Whole Foods to Get Cashierless Checkout, but will Slow Receipts Make it a Whole Big Mess?

Just Walk Out turns into just wait awhile.

Listen, I know this is two times in the span of one week that I’ve covered cashierless checkout. More specifically, this makes two times over the past week I’ve covered Amazon’s cashierless checkout. But this morning, Amazon made the announcement industry watchers have been waiting for — that the company’s Just Walk Out cashierless checkout is finally headed for Whole Foods Market.

Starting next year (Amazon wasn’t more specific with the timing), two Whole Foods locations in Sherman Oaks, California and Washington, D.C.’s Glover Park neighborhood will be outfitted with the cameras, shelf sensors computer vision and AI to enable cashierless checkout. As Amazon is fond of saying, customer can walk in, grab what they want and just walk out.

Industry watchers like myself have been waiting for this announcement because it’s another milestone that proves Amazon’s cashierless checkout can scale. Right now the technology is predominately used at smaller Amazon Go-sized stores, though it is also being used at one full-sized Amazon Fresh supermarket in Bellevue, Washington.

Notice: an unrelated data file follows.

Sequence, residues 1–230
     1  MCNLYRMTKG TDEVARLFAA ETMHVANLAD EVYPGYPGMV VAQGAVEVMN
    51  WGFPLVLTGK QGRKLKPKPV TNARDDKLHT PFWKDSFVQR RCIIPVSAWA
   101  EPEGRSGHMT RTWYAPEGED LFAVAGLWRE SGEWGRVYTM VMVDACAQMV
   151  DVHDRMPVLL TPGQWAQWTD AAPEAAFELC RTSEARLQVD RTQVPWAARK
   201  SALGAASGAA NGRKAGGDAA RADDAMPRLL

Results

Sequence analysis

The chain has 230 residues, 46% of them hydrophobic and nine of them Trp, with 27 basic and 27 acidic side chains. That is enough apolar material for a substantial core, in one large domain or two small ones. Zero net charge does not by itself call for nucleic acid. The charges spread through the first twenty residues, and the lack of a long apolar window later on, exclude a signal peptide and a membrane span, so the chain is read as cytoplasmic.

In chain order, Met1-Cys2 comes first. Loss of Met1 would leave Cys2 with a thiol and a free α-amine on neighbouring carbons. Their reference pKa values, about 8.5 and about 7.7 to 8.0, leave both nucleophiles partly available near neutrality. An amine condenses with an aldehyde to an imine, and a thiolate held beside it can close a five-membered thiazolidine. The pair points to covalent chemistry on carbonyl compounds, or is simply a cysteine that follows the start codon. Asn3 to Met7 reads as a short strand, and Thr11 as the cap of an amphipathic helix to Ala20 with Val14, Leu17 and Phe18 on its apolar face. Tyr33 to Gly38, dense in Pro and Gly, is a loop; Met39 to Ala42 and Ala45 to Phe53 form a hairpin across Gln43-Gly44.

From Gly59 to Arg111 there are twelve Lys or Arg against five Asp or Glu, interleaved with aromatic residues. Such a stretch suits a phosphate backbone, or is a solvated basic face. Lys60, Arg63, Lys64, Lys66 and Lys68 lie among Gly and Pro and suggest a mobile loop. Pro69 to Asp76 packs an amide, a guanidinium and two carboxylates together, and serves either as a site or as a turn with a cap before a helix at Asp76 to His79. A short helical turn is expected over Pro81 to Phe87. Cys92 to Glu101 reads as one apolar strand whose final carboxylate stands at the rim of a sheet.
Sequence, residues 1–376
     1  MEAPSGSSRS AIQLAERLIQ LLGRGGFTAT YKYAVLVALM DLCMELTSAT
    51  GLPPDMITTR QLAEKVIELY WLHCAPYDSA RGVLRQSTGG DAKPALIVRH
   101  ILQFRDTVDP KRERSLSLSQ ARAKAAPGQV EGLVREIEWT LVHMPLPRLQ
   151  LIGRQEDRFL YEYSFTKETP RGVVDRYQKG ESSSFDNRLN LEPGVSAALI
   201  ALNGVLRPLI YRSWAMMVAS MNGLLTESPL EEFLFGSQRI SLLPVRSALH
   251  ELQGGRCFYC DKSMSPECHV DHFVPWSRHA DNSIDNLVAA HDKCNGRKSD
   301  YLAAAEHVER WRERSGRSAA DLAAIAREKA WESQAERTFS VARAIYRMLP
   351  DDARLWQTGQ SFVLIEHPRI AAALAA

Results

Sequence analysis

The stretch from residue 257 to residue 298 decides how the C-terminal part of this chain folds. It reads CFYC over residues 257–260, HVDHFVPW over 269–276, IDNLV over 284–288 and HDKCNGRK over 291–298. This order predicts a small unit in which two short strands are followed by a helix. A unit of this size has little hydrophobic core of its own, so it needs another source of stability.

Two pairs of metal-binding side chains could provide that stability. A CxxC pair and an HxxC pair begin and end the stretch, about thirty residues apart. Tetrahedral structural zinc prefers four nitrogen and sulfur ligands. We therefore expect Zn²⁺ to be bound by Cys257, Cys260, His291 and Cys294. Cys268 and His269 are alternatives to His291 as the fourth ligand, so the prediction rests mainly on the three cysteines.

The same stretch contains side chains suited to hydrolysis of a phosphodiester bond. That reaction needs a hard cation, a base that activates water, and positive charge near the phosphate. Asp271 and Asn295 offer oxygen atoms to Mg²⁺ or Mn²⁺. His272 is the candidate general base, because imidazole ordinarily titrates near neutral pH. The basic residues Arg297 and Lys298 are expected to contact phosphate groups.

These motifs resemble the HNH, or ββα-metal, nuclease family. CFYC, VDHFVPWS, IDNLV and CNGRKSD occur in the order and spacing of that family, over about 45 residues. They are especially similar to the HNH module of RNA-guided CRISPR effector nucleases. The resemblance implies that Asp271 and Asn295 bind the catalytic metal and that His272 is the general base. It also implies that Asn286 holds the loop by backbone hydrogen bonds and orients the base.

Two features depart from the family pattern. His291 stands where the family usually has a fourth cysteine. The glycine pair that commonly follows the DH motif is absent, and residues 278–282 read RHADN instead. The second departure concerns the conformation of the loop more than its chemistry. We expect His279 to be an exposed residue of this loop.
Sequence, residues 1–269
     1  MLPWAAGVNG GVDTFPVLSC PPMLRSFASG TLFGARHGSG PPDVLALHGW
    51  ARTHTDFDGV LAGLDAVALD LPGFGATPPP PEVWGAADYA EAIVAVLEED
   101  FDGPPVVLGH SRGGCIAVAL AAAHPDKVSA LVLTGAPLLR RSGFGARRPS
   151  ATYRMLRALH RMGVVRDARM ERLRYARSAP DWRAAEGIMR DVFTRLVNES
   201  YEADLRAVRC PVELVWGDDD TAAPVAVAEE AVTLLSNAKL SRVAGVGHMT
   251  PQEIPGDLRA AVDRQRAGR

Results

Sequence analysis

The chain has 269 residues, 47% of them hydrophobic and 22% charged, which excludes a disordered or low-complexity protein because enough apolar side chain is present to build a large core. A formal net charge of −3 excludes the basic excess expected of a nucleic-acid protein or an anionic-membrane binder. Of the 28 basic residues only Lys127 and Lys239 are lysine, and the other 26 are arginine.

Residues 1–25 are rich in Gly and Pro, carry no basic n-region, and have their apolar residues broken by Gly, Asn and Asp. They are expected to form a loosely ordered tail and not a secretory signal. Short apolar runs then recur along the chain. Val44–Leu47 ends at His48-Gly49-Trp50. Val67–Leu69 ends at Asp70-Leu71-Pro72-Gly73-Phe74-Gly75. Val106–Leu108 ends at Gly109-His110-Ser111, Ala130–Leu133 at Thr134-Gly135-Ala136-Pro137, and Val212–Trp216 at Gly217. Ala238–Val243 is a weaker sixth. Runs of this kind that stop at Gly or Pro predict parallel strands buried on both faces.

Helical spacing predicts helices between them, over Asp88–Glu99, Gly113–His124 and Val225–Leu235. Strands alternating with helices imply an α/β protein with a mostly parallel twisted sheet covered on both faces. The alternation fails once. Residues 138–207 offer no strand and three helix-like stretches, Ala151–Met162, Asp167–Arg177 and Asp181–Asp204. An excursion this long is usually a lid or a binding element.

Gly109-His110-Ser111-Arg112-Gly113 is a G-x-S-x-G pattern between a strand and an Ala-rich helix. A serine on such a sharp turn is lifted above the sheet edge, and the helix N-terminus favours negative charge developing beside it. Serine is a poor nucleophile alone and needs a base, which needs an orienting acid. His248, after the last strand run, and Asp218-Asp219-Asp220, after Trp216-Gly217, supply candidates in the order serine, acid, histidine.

The question remains, however, whether Amazon’s computer vision-based cashierless checkout is truly ready to scale to full-sized stores. That question only became more germaine when Amazon admitted last week that it can take hours for a customer using just walk out technology to receive their receipt.

Not seconds. Not minutes. Hours.

That, is ridiculous. As I noted last week, waiting hours for a receipt is a horrible customer experience. The whole point of frictionless, cashierless checkout is speed. If I use Just Walk Out, I should get my receipt by the time I’m done loading my car, not after I get home, put my groceries away and am halfway through an episode of Hacks. I, the customer, should not have to wonder — for hours — whether or not I was charged properly.

The silver lining to Amazon’s announcement today is that the new cashierless stores don’t open until next year. Which means Amazon has time to shrink the lag time with its receipts.


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